The White Rabbit Sort of annoying, but tolerable. He always wore rollerblades and he was the queen's bitch.

The Tweedles The Tweedles were brothers but not twins. One was taller. They wore sequinned jumpsuits with billowy parachute pants and they rapped. I'm telling you, it didn't get any better than this show.

The Caterpillar Once in every episode, Alice or someone would wander into the magical pot-stenched realm of the giant Caterpillar who read fables which were illustrated for the screen using the magic of crappy-ass claymation.

Dormouse Stupid non-character puppet who popped out of a teapot every once in awhile and said something not funny.

Crystal A snazzy purple TV screen on a pole in the middle of some clearing in Wonderland.

Dinah Alice's dispassionate confidante, a fluffy tabby cat who lived in her real-world house. Alice would always pick her up and talk to her, and she would look bored. Alice was insane.

Alice's family Alice had a mom and a brother but we only ever heard their voices offscreen.

Really Lame Excuse for an "Adventures in Wonderland" Episode Guide

I remember a lot of things that happened on "Adventures in Wonderland," but not the order they went in, or episode names, or other things that happened in each episode. So here's my list of occurences I remember.

  • One time the Mad Hatter turned Alice's hair green by accident. Possibly she had to learn then that "beauty is in the eye of the beholder."
  • Once Alice and the White Rabbit were looking through all these boxes of the Queen's shoes looking for a particular pair of pumps.
  • Once the White Rabbit broke a vase that belonged to the Queen and spent a lot of money to replace it and then the Queen broke that one but told him it was all right because it was a cheap knockoff vase which didn't cost much in the first place.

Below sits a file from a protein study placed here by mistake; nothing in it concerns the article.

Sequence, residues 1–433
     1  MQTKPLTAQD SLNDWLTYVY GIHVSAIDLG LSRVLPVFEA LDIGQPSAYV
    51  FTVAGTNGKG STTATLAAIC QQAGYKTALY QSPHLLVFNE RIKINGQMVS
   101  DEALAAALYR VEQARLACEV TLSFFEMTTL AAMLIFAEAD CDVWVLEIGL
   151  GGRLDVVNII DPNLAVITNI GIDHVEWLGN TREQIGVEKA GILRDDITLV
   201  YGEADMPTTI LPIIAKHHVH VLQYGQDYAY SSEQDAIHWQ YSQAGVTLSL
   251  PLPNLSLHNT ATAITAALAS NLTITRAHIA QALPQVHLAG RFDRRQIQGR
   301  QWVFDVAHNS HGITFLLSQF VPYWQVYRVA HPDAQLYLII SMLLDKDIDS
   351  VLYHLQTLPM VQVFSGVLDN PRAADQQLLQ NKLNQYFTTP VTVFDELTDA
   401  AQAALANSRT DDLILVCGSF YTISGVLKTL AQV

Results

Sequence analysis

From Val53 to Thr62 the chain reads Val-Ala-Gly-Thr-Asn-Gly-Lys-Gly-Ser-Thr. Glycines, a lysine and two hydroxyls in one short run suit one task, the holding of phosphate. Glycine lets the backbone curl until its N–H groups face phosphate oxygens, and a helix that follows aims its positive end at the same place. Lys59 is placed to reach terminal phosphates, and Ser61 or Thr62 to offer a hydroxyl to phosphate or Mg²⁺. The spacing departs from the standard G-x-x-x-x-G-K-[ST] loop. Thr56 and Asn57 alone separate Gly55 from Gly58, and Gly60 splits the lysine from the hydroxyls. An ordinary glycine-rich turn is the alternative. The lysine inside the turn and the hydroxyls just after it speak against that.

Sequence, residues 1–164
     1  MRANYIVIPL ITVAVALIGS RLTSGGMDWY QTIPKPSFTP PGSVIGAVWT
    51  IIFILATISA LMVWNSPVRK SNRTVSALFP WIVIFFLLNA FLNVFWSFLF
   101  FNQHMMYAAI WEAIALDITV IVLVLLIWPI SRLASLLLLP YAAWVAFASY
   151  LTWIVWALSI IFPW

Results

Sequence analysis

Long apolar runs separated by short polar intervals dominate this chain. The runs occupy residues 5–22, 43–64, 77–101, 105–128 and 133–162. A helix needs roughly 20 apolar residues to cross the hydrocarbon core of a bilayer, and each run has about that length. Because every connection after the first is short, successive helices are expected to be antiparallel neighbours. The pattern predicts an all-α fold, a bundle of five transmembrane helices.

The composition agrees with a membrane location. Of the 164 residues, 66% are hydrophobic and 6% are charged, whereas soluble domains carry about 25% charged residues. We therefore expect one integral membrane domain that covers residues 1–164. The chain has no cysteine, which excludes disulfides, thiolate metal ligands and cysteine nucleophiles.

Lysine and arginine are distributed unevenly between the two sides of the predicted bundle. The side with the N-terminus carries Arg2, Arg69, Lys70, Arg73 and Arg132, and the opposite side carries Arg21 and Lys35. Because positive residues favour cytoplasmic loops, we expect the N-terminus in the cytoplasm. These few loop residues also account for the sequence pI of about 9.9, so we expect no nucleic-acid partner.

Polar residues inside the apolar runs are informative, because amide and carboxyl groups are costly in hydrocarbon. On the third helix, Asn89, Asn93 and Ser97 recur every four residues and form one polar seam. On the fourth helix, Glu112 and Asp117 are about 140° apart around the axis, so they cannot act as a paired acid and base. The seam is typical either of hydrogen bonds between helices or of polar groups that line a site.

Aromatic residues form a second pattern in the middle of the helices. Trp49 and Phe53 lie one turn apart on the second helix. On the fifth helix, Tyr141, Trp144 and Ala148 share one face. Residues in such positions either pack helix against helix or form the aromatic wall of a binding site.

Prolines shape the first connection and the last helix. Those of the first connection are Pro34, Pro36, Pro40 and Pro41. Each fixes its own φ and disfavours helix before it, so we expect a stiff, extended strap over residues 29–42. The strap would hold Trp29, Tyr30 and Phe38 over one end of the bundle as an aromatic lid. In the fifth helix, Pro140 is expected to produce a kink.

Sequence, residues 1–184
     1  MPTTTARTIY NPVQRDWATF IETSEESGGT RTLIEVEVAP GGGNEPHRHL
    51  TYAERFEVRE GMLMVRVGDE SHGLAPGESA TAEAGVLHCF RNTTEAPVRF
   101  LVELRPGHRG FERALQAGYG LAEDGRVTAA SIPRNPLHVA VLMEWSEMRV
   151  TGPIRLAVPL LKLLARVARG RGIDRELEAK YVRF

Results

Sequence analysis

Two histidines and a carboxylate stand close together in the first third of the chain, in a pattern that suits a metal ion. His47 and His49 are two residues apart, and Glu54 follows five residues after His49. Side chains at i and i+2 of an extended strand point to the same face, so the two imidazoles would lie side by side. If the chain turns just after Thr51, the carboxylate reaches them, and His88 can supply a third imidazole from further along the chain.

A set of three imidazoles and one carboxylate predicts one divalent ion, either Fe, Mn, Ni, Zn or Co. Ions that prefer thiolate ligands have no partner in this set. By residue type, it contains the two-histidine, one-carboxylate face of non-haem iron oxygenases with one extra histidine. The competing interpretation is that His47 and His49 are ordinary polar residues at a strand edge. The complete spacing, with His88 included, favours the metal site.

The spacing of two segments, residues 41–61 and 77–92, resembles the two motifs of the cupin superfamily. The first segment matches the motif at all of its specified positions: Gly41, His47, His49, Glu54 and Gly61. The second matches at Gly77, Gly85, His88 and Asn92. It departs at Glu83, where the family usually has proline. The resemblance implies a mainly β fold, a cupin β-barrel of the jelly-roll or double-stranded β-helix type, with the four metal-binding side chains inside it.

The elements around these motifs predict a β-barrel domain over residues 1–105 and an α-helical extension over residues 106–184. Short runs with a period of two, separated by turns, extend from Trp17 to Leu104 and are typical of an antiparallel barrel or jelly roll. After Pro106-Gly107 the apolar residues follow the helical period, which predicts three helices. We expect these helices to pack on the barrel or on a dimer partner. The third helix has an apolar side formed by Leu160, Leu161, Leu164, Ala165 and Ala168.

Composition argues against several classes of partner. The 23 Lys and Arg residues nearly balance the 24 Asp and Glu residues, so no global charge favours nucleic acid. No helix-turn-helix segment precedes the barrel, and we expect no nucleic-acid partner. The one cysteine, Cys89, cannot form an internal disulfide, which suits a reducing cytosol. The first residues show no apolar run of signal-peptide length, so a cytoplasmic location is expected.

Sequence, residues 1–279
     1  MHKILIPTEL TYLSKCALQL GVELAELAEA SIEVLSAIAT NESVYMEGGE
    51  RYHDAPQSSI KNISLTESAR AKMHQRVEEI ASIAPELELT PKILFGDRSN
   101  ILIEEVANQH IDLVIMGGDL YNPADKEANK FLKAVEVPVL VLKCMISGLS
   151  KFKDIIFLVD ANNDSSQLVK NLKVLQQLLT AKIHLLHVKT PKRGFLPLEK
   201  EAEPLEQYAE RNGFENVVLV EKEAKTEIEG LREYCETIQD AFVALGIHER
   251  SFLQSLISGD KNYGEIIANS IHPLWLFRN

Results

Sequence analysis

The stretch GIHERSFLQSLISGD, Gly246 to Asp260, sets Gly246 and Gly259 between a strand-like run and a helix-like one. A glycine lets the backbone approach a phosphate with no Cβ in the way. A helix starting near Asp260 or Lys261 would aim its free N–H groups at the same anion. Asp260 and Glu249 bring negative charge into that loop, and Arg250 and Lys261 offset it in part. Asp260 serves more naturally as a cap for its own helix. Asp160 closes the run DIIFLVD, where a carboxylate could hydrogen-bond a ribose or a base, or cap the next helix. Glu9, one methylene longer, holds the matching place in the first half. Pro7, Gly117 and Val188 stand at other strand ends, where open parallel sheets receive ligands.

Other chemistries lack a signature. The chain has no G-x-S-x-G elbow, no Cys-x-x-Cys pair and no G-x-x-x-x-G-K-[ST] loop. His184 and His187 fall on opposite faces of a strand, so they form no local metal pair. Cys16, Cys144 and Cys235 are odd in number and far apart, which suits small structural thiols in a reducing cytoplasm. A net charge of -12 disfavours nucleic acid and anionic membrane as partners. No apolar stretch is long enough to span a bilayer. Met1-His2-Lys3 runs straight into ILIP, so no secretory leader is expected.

• There was this time the Mad Hatter's cousin came and she was in a wheelchair and she wrote in her letter, "I don't like stairs," because, you know, she was in a wheelchair, but the Mad Hatter didn't know about homonyms, so he thought she meant "I don't like stares" and everyone avoided eye contact with her and she felt bad.
  • Once one of the Tweedles ate some poison fruit and got sick.
  • A song about different types of noses.
  • Everyone thought that the Mad Hatter had developed an allergy to the March Hare and they had to avoid each other and they were all sad and lonely. But it turned out it was just a flower the hare was wearing.
  • The Mad Hatter perfects a machine which creates cinnamon buns with synonyms written on slips of paper baked right into them. He calls them "synonym buns."
  • The men of Wonderland form a "no girls club" and the Queen and Alice are angry and sad.
  • The White Rabbit loses his voice.
  • In a very special episode aired at a very special time, the Wonderland crew veers away from their regular "no, Mr. Hatter, not Antie Nymh, antonym" format and discusses, in its own convoluted way, problems like racial discrimination.
  • The March Hare loses a ring in a batch of pretzels.
  • Alice has a problem in the real world so she goes to Wonderland to "get away from it all". In Wonderland they're having a problem that mirrors Alice's real-life problem. She solves everything there, and when she come back, she says "Well Dinah, maybe blah blah blah after all". Oh wait, that was EVERY EPISODE.


- Laura